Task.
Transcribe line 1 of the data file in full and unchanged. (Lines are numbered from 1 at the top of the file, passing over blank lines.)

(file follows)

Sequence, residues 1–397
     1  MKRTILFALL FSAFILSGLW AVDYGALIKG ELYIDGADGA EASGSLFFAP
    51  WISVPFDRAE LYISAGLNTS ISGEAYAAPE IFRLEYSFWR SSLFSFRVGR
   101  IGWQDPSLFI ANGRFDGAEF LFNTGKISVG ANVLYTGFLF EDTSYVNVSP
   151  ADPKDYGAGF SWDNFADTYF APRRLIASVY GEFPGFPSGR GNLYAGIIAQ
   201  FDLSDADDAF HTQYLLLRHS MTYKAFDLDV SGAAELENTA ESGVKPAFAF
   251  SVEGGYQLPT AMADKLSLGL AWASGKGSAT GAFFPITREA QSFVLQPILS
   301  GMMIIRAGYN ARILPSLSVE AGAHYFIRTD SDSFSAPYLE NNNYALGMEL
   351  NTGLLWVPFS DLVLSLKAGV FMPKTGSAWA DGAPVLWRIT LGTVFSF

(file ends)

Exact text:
Sequence, residues 1–397